Wednesday, 27 September 2017

Action on the study window

The weather forecast for the evening of the 27th promised rain.  You may remember it - wet stuff that fell from the sky back in the day.  About 20:00 the radar looked promising:
 By 2030 this had amounted to a massive 0.2mm!  There seemed to be steady rain later in the evening with 3mm to midnight and then another 6.4mm by 5am.  Well done that cloud.

However as is often the case this attracted wildlife to my study window.  What first caught my attention was a Peron's tree frog sticking on to the glass at the bottom of the pane.
This led me to look at the insects also there.  As well as the many small moths there was an array of other families.  I have tried to ID them using Insects of South Eastern Australia  and A Field Guide to Insects in Australia I can't work out the first one at all.

Fortunately Roger Farrow, author of the first book linked above has been able to do so - and both are in his book, as referenced below.  He advised that "the ‘fly’ is an ichneumonid wasp, Netelia sp see page 217 parasitoids.  These commonly fly at night and migrate with their noctuid moth hosts."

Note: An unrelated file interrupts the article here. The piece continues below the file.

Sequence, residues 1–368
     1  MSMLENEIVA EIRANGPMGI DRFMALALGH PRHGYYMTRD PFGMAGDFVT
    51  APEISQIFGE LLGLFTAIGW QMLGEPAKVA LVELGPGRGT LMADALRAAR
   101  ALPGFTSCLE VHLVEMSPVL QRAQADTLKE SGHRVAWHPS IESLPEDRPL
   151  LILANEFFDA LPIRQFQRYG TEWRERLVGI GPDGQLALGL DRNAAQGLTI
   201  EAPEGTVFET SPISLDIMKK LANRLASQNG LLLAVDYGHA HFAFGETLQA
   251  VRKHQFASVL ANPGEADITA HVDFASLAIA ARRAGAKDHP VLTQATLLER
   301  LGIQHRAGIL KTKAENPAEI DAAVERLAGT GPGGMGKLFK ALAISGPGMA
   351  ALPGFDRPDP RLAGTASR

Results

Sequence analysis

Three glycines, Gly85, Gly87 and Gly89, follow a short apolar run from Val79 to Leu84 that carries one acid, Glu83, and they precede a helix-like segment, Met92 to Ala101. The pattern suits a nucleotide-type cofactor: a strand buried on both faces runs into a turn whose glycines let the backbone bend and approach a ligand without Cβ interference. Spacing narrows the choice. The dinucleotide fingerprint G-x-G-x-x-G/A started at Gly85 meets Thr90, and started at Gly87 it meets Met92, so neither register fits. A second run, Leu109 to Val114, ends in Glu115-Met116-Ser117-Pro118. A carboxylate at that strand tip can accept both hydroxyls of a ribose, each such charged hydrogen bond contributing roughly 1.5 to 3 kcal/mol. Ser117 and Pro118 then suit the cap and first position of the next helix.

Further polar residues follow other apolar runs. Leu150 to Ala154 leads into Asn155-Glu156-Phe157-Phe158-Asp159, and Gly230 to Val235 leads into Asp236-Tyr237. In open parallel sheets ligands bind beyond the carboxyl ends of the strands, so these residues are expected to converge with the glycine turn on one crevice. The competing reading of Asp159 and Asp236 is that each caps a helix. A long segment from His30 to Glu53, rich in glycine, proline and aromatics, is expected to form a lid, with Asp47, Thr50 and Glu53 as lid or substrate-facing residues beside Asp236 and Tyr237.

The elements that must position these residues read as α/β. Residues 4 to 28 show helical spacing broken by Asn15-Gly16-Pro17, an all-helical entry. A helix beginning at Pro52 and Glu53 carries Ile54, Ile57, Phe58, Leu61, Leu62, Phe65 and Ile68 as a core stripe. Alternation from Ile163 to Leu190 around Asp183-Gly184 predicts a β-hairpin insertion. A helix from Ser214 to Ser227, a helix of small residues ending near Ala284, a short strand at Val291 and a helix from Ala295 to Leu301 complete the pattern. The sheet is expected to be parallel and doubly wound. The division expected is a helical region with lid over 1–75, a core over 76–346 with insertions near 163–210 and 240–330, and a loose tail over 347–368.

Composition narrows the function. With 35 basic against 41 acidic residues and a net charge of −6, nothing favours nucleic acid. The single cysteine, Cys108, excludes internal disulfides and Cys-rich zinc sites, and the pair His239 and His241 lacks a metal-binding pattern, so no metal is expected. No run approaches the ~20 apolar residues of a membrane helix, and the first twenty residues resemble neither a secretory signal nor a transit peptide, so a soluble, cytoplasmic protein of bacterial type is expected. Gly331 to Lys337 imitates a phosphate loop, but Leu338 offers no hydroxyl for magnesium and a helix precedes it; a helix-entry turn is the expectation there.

From the 'ornaments' on the legs I suspect this is a Spider Wasp.  No.  It is "a plume moth Pterophoridae see page 166."   In my own defense I'd say this is the strangest looking moth I have ever seen!
 I then moved indoors and got some more photos of the frog.
It moved up to the top of the window and entertained us as it moved around picking off the small moths.  The silhouette is how the photo turned out taking the image with flash: despite the lack of detail it shows the predator-prey relationship..
 This shows the considerable length of the leg when it is stretching out.
Over the following hour the frog captured (and ate) at least 20 small moths.  It was still on the window when I turned out the light.

Thus far the Frogmouths have not inserted themselves into this process.  They usually turn up when the larger, juicier Swift moths are around.

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